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UK Cyclist: Long-distance and leisure cycling in the South-west and elsewhere

Words: Mark Hummerstone

Although I am told that this is one of the hardest 600s in the diary, I found it a very enjoyable ride. Route directions were good on the whole and it went through some beautiful countryside. Two of the controls were at people’s houses which was most welcome.

Report of the 2013 event

Fifty riders completed the 2013 event along the new route. The ladies at North Curry enjoyed the challenge of coping with the crowds (augmented at intervals by their regulars). The weather was kind; there were no reports of ice even on the early hills. There was, however, mud. A few people relying just on gps followed the track (literal and virtual) that ran parallel to the High Ham road. The organiser's reward was in the form of tracks of muddy footprints across the kitchen floor at the finish. Well done to all who finished, and thanks for riding.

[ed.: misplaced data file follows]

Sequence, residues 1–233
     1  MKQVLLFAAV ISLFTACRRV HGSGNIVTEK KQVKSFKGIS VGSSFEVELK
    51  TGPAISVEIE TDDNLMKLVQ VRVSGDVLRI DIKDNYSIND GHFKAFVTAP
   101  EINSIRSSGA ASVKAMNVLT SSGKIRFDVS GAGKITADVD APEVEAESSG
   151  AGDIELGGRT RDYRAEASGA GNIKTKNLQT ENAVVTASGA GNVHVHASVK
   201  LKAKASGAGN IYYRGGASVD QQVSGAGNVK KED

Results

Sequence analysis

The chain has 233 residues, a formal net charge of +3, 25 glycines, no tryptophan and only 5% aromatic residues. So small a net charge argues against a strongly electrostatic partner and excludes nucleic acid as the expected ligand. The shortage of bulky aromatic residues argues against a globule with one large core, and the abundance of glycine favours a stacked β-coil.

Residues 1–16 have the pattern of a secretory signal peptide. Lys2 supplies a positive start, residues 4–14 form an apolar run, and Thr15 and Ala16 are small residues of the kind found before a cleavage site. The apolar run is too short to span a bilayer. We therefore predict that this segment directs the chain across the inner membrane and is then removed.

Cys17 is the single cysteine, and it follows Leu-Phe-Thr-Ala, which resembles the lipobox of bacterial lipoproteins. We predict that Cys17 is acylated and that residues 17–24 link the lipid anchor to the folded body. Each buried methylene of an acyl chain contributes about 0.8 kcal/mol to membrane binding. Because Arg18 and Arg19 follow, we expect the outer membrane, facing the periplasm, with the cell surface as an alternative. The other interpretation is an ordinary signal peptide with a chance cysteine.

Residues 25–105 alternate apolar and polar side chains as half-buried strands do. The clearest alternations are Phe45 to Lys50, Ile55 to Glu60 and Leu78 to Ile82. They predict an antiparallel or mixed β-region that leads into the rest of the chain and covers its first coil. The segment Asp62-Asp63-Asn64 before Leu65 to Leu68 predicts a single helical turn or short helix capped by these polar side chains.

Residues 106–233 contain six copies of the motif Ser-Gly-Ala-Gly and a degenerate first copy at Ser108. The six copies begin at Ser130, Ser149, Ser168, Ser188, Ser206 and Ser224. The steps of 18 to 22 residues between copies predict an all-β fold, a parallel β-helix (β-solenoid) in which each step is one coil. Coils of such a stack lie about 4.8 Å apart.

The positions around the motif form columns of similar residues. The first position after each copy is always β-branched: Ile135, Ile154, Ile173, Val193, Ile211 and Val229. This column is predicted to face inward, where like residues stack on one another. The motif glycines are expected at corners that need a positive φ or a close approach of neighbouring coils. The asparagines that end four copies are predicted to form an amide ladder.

Link to Jamie's blog

Last ride of the season to get the full set for a South West Super Randonneur series.

I left the house just after 6am into a dark world of fog. The start point for the perm was about 5 miles from my house, so in theory time to warm up. Or get damp from fog moisture…

Read more [external link]

Long-distance cycling under AUK rules is often (though inaccurately) referred to as audaxing. Mudguards are not required for any of these events. Use whatever bike suits you. If you don't want to follow a routesheet then download the GPS file. You will need to be fit and self-sufficient. Most of these events, especially the longer ones, are hard. You should be an experienced cyclist with both fitness and stamina. There is a minimum speed of 15kph for all the events of 200km and above. Don't worry about the maximum speed of 30kph, you won't get near it. Prepare your bike and yourself carefully for any of these events. If you do all the distances, you become an Exeter Wheelers Super Randonneur.

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